Send to

Choose Destination
Biol Psychiatry. 2012 Sep 1;72(5):389-95. doi: 10.1016/j.biopsych.2012.02.024. Epub 2012 Mar 20.

Habitual alcohol seeking: time course and the contribution of subregions of the dorsal striatum.

Author information

Ernest Gallo Clinic and Research Center, University of California at San Francisco, San Francisco, California, USA.



Addictions are defined by a loss of flexible control over behavior. The development of response habits might reflect early changes in behavioral control. The following experiments examined the flexibility of alcohol-seeking after different durations of self-administration training and tested the role of the dorsal striatum in the control of flexible and habitual alcohol self-administration.


Rats were trained to lever-press to earn unsweetened ethanol (EtOH) (10%). The sensitivity of the lever-press response to devaluation was assessed by prefeeding the rats either EtOH or sucrose before an extinction test after different amounts of training (1, 2, 4, and 8 weeks). We subsequently tested the role of the dorsomedial striatum (DMS) and dorsolateral striatum (DLS) in controlling alcohol seeking with reversible inactivation techniques (baclofen/muscimol: 1.0/.1 mmol/L, .3 μL/side).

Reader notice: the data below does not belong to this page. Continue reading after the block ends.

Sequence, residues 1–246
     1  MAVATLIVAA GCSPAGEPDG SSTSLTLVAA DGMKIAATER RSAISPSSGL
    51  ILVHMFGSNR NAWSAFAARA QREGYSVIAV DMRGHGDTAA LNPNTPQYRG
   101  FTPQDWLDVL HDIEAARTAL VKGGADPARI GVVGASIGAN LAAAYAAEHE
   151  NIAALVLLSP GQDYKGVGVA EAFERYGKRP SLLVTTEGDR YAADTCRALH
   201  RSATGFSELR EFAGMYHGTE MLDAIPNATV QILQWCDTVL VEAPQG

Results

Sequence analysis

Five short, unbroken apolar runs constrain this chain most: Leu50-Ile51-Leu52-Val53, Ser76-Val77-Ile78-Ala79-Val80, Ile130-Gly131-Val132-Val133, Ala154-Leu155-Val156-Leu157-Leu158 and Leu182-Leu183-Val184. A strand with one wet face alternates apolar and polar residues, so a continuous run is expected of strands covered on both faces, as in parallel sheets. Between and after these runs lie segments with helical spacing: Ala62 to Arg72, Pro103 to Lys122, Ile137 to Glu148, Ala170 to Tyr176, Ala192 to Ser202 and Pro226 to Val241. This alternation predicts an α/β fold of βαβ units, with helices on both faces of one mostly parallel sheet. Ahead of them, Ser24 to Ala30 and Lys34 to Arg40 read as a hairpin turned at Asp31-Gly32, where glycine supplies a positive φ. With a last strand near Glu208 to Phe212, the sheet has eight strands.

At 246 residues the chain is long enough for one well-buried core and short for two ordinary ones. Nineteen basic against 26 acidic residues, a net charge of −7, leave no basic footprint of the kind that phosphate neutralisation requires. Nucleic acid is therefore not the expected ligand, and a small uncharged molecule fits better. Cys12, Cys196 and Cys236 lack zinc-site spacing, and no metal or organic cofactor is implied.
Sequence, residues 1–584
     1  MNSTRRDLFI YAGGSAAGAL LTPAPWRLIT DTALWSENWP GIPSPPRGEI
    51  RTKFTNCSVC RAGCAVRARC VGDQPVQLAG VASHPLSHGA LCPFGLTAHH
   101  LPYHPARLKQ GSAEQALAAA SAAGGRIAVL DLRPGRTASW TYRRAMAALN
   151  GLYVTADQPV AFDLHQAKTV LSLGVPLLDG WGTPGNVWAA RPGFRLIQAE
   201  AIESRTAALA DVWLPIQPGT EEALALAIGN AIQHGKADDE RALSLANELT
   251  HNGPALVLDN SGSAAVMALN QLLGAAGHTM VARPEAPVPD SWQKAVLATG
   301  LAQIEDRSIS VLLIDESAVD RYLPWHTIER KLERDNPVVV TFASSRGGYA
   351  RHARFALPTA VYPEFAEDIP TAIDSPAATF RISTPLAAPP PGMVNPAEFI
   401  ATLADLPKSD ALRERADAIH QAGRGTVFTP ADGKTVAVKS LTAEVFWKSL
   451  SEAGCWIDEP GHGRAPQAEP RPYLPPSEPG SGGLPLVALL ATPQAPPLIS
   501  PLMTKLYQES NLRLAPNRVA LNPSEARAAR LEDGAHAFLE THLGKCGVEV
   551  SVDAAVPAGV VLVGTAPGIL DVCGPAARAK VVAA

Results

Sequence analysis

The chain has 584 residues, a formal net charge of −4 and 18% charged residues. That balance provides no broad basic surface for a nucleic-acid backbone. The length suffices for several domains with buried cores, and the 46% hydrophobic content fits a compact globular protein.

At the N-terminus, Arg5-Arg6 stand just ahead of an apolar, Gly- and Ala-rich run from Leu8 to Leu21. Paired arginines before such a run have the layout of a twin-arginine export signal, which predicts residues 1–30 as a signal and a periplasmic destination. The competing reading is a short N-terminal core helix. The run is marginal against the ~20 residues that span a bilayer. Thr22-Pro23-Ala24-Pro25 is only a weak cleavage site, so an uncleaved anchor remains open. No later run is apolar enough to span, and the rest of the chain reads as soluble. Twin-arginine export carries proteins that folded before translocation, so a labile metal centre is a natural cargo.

We find that operant responding for EtOH early in training is goal-directed and reduced by devaluation, but after 8 weeks of daily operant training, control has shifted to a habit-based system no longer sensitive to devaluation. Furthermore, after relatively limited training, when responding is sensitive to devaluation, inactivation of the DMS greatly attenuates the alcohol-seeking response, whereas inactivation of the DLS is without effect. In contrast, responding that is insensitive to devaluation after 8 weeks of training becomes sensitive to devaluation after inactivation of the DLS but is unaffected by inactivation of the DMS.


These experiments demonstrate that extended alcohol self-administration produces habit-like responding and that response control shifts from the DMS to the DLS across the course of training.

[Indexed for MEDLINE]
Free PMC Article

Supplemental Content

Full text links

Icon for Elsevier Science Icon for PubMed Central
Loading ...
Support Center